TrackBack URL for this entry:


Dear Mr. Moyer:
I watched your interview Society on Steroids: A Bill Moyers Essay posted on the below web site on December 21, 2007:

I was increasing inspired and perturbed as I read the article noted above. The comparison you made between baseball and society in the United States is quite reasonable. As a young college student, I try to be optimistic about what the future will hold for the United States but day by day it seems more and more grim.
It seems heartbreaking that the people and government in the United States have become so infatuated with celebrity lives, wealth, and power that we turn our back to the importance of ending this “bloody” horrible war, the poor, the education system and all the other issues that Americans are facing that never seem to be addressed.
Just yesterday I received an e-mail from the closest major league baseball team, in relation to my home, urging me to be the first to buy tickets to the home games this season. As I think back on the e-mail, I wonder how many ticket buyers will make a purchase, view the game, and continue to turn a blind eye to the corruption that is brewing on the field as well as in the league. It is, in fact, a perfect metaphor for America as a whole; we view the entertainment and ignore the altered form.
I was, though, inspired by your essay because I feel as if I may have become like most other citizens. I feel like I have turned a blind eye as well. Sometimes in our busy lives, I believe that we lose sight of what is important.
Thank you for helping my eyes come back into focus. I continue to appreciate your honest and knowledgeable opinions on issues that should be more frequently touched upon by larger media outlets.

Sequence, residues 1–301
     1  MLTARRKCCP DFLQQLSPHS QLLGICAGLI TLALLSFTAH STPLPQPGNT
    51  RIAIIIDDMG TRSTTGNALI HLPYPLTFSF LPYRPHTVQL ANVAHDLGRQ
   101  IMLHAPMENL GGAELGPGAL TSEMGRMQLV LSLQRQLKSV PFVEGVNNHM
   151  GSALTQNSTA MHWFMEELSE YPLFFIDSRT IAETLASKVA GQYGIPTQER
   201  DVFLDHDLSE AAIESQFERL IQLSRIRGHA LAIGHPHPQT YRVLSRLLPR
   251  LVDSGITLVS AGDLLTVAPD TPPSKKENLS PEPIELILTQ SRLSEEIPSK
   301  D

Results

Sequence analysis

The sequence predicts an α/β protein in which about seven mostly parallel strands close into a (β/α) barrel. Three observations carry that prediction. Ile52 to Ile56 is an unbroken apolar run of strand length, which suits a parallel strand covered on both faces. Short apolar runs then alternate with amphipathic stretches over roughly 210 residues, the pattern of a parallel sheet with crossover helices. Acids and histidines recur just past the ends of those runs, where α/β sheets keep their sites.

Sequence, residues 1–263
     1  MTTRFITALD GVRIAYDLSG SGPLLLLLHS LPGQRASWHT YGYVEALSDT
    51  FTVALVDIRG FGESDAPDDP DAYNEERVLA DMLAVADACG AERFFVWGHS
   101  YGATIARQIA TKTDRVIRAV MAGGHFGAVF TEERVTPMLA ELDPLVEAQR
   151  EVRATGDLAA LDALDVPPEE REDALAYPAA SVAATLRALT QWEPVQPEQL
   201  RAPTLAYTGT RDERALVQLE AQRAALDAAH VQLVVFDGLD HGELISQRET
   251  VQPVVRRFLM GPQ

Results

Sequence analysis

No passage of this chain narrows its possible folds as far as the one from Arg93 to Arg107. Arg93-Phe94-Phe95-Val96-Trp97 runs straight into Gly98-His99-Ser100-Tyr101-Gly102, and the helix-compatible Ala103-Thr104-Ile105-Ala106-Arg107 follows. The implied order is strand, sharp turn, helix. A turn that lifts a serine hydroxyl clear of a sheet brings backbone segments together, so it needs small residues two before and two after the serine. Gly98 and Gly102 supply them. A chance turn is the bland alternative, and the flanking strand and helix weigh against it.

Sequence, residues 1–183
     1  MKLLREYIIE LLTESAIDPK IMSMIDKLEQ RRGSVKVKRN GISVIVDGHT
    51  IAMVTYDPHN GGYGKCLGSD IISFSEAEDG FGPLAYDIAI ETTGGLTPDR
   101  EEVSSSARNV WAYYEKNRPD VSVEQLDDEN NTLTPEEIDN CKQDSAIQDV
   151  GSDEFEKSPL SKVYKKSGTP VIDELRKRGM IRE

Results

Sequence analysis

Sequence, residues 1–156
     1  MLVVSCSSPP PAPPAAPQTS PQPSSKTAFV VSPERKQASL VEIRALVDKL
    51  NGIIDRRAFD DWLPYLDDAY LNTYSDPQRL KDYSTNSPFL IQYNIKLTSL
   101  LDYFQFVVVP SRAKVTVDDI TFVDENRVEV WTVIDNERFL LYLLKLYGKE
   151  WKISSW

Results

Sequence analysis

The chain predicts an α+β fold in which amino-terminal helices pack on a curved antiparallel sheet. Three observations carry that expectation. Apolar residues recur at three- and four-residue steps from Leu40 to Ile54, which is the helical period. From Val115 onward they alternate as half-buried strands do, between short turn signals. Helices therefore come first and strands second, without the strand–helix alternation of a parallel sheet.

In today's "juiced-up and crazy-on-ideological steroids" mashed media world I see but a small handful of investigative reporters and social commentators who are courageously fighting the good fight for integrity in that now "beyond Orwellian" mudfight for the almighty dollar. Of course Mr. Moyers you are now the dean of this brother/sisterhood which is sadly disappearing from view on the so called "public airwaves". In my opinion, the reigning champion, the standard bearer in many ways, for this truly patriotic and tragically underexposed mission of truth searching and sharing as we trod down the path of the 21st Century in America surrounded by millions of media consumers blindfolded by the "Stars & Stripes" wrapped tightly around their heads and knotted in the back by shellacked dollarbills and credit card statements is Amy Goodman and her current vehicle for passing on the truth unhibited by fear of retribution or the temptation of personal fame and material wealth, "Democracy Now". I am not sure whether she has already been a guest conversationalist on your "Moyers Journal", but I think not as I rarely have missed an installment. I sincerely hope she is high on your list as a future guest and if so, for the two of you to engage in honest discourse on the malignant malaise creeping along the central nervous system of mass and public media for the entire hour of the show. Her impassioned and dedicated pursuit of the truth behind the cacaphony of misinformation we are bombared with all day long at every media turn in the road is ALWAYS months ahead of the pack (maybe there are internet sites that a still embryonic net surfer like myself has not yet discovered, and I have learned of many through her broadcasts). Mr. Moyers, you and Amy Goodman are two of my very favorite Americans, on a list that includes Howard Zinn, Studs Terkel, the recently passed Al "Grandpa" Lewis, John Hope Franklin, and some others. Dennis Kucinich woiuld be MY VOTE for President if this testosterone overdosed , corporately controlled media machine did not insist on bullying him off the ballots and thereby denying my right to vote for my choice of all those declaring themselves as serious candidates. Thank you for continuing to stimulate my neurotransmitters to retake charge of my synaptic spaces that at times are "thorazined out" by the din of this daily onslaught of media corruption.